Rhys Taylor, 36 Family and 30 Park PlaceJonathan Galbraith, Mathieson Consulting2020 has thus far proved to be a memorable year for all the wrong reasons, but nonetheless it remains an interesting one...
Peter Mitchell QC, 29 Bedford RowStock Options and Restricted Stock Units (RSUs) are frequently encountered by the Family Court when dividing property on divorce or dissolution of a Civil Partnership....
working families, family law, children, employment, parents
The Office for National Statistics has released an article exploring how the employment of men and women aged 16 to 64 with children has changed over the past two decades and what the current picture looks like
Meta Title :Families and the Labour Market, England: 2017
The Office for National Statistics has released an article exploring how the employment of men and women aged 16 to 64 with children has changed over the past two decades and what the current picture looks like.
Cohabitation: Law Practice and Procedureprovides commentary, checklists, procedural guides and precedents on the subject in a single volume. The 7th edition is available to order here.
The article was produced using the Labour Force Survey (LFS) and Annual Population Survey (APS) and also provides an insight into how families with children organise their economic activity.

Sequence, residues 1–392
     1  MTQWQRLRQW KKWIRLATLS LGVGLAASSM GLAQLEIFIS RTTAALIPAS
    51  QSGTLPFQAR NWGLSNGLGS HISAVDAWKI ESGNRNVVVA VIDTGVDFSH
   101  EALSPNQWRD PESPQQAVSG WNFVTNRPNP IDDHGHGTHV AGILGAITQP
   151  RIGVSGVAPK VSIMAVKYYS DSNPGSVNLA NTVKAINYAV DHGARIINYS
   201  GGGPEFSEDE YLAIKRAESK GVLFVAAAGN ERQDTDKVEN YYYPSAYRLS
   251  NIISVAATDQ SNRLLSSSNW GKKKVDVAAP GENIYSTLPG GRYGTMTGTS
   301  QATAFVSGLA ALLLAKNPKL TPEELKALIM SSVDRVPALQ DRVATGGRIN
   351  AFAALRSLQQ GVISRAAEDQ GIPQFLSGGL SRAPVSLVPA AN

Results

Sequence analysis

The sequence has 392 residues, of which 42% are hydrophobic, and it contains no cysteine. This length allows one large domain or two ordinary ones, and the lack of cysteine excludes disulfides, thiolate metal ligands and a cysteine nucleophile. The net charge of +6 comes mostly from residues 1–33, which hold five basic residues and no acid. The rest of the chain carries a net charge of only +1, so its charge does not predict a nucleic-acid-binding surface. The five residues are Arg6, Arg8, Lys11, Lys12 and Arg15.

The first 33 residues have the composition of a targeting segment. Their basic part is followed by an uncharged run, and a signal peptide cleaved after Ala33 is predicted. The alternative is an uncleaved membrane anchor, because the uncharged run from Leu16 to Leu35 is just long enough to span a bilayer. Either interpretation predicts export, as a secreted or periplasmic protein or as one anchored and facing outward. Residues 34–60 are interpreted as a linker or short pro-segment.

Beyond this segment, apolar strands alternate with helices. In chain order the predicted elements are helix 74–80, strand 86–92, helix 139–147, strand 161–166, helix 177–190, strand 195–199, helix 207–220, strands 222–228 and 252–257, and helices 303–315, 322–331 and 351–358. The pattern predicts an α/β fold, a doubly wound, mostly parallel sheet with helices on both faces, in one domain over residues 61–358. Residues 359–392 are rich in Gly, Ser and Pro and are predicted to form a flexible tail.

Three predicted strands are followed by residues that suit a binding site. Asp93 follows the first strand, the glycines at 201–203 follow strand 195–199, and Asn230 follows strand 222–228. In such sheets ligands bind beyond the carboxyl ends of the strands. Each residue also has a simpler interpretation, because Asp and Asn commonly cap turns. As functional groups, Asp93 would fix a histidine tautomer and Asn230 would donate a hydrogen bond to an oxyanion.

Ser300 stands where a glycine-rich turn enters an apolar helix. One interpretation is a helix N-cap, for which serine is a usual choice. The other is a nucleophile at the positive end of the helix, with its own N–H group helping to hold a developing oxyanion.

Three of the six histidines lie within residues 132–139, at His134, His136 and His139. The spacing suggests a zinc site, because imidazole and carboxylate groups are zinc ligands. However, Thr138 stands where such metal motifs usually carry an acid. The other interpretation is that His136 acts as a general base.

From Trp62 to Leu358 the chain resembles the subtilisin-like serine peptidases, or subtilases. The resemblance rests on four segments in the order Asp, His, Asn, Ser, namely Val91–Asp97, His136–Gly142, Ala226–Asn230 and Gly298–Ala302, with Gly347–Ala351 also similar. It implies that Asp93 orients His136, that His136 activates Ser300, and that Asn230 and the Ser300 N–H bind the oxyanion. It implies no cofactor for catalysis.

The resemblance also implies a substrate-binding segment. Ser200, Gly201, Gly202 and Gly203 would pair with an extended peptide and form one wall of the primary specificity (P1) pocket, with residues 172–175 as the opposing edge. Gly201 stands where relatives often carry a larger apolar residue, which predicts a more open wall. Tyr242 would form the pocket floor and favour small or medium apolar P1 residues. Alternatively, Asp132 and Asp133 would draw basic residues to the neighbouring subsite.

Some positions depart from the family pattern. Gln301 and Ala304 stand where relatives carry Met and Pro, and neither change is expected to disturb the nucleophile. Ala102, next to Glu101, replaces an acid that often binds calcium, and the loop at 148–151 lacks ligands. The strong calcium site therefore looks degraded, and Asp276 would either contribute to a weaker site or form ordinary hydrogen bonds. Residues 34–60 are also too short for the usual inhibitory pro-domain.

The main findings are:
The employment rate of mothers in England has increased by 11.8 percentage points to 73.7% between 1996 and 2017; however, mothers aged between 16 and 49 are still less likely to be in employment than women without dependent children of the same age.
1.1 million (75.2%) inactive or unemployed mothers stated they would definitely or probably return to work in the future.
Mothers with a youngest dependent child aged three or four years old have the lowest employment rate of all adults with or without dependent children (65.1%).
Mothers with children aged between 1 and 12 years old are more likely to be in part-time employment than full-time employment.
As couple families have more children, the likelihood of both parents working full-time decreases.
1.8 million couple families split employment so that the father is in full-time work and the mother in part-time work; this is the most common way that families in England organise their economic activity.